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Langa Letter: System Setup Secrets For Windows XP

Fred's real-world, step-by-step advice for setting up a Windows XP-based PC in ways better than the defaults.

14. Run a fresh antivirus scan (See #5). In preparation for the following steps, which will add lots of new software to the system, make a second backup now (see #4), and call it something like "perfect new operating system setup." This second backup ensures that you can get all the way to Step 15 in just one step (by restoring this second backup) if you need to.

15. Install any non-original-equipment peripherals you want to use on the system. Visit the OEM's and peripheral vendors' sites; download and install updated drivers, patches, etc.

16. Install your software applications and utilities, plus any updates and patches for that software.

17. When all your third-party software has been installed, run a fresh antivirus scan to ensure that no viruses got onto your system. You may also wish to run tools such as AdAware, SpyBot or Pest Patrol to verify that your system also is free from other types of hostile code (spy ware, Trojans, etc.) . And you may also wish to run SFC again to help ensure that your applications haven't meddled with your system files. (See #10)

18. Install a good third-party desktop firewall (see "Firewall Feedback") ; or, minimally, enable XP's built-in firewall. (It's not much, but it's better than nothing. (See "The 10 Best And Worst Things About Windows XP")

19. Make all cosmetic tweaks, tune-ups, and changes--the icon spacing and arrangements; system sound effects; mouse pointers and movements, etc. See "Ten Ways To Make Windows XP Run Better".

20. Defragment all drives/partitions on your system. (If you need help, click to Start/Help and enter "Defrag" as the search term.) Then make a third backup and call it something like "perfect new full setup."

With that, you're done. Not only do you now have a fresh setup with everything newly installed just the way you want, but you also have three backups. You can, if need be, quickly get back to the original as-delivered-from-the-factory setup; or to a fresh, new, virgin operating system setup; or to a perfect, full-blown operating system and applications setup.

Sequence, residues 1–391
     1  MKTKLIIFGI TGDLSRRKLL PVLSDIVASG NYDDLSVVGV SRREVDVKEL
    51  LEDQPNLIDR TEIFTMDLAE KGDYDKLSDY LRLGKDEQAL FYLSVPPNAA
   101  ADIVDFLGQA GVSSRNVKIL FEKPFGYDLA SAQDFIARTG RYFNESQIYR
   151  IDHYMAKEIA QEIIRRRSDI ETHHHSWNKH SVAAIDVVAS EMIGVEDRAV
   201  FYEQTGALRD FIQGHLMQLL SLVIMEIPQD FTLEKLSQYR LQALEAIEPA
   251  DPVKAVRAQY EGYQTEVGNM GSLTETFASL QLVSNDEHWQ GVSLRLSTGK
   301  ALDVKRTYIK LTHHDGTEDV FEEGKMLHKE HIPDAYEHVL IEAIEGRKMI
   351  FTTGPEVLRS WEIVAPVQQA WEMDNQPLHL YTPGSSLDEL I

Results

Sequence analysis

In my work I find I use that last backup a lot, especially when I'm testing software. I'll copy my data files to a safe place, then run the tests without worry that the new software will ruin anything. When I'm done, I'll restore my system from the "perfect new full setup", then copy my data files back, and pick up where I left off with a known-good, rock-solid setup. It makes my system essentially bulletproof!

Of course, running through a 20-step setup process is a hassle and it's clearly not for everyone. But taking the extra time, one time, up front, to get everything perfect pays off again and again over the years because you can restore your system to perfection in its entirety--operating system, apps, everything--in just minutes.

Or you also can cherry-pick, using only those steps that make sense for you, if you needs are less rigorous than mine. You even can adapt the same overall process for use on older systems, too--it's never too late to start perfecting and preserving your PC setup!

But that's what I do. What about you? Please join in the discussion: What tricks or techniques do you use? What tips can you share? What steps do you take to get your system running smoothly? Join in!


To discuss this column with other readers, please visit Fred Langa's forum on the Listening Post.

To find out more about Fred Langa, please visit his page on the Listening Post.

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Joao-Pierre S. Ruth, Senior Writer